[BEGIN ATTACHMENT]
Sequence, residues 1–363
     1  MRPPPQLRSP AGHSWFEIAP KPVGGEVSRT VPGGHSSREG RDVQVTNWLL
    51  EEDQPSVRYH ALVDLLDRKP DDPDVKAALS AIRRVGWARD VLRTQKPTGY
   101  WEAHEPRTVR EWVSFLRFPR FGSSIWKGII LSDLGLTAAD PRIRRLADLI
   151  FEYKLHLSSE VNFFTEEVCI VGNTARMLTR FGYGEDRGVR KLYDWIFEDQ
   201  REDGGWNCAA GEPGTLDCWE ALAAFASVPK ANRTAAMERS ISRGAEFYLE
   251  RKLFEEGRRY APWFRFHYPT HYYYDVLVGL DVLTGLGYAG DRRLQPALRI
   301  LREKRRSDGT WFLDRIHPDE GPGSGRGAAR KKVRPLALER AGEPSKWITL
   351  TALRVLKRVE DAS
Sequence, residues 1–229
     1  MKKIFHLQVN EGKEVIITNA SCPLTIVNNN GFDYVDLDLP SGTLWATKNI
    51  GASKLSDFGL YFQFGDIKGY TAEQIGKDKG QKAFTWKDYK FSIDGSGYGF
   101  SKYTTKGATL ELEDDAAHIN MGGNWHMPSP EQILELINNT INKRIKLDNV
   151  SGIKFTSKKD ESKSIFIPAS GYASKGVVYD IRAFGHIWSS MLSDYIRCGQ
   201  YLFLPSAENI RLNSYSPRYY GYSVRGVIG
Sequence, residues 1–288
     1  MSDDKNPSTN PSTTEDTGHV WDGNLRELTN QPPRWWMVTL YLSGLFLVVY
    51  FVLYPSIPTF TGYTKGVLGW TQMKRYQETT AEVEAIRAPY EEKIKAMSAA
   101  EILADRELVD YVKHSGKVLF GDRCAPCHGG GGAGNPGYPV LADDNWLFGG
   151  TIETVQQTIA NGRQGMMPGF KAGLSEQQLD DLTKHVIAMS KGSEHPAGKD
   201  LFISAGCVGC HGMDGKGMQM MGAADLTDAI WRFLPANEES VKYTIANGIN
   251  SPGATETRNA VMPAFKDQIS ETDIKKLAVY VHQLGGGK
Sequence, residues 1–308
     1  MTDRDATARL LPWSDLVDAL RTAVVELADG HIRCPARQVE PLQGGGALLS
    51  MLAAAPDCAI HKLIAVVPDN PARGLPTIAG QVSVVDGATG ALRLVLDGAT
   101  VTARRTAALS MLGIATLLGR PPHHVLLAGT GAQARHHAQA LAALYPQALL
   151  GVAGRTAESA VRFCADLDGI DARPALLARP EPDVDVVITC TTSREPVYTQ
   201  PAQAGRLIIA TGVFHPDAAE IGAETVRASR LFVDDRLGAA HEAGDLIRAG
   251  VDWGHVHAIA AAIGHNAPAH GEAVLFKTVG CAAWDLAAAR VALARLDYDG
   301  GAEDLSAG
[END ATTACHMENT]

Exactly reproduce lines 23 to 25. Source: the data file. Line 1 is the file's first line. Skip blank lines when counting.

Sequence, residues 1–308
     1  MTDRDATARL LPWSDLVDAL RTAVVELADG HIRCPARQVE PLQGGGALLS
    51  MLAAAPDCAI HKLIAVVPDN PARGLPTIAG QVSVVDGATG ALRLVLDGAT